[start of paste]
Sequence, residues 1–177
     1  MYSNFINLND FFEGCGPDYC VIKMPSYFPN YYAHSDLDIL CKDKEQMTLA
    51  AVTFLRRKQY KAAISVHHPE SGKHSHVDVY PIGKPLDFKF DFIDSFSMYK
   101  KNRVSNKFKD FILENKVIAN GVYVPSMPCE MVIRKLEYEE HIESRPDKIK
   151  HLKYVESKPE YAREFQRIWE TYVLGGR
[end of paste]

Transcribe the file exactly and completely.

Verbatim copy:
Sequence, residues 1–177
     1  MYSNFINLND FFEGCGPDYC VIKMPSYFPN YYAHSDLDIL CKDKEQMTLA
    51  AVTFLRRKQY KAAISVHHPE SGKHSHVDVY PIGKPLDFKF DFIDSFSMYK
   101  KNRVSNKFKD FILENKVIAN GVYVPSMPCE MVIRKLEYEE HIESRPDKIK
   151  HLKYVESKPE YAREFQRIWE TYVLGGR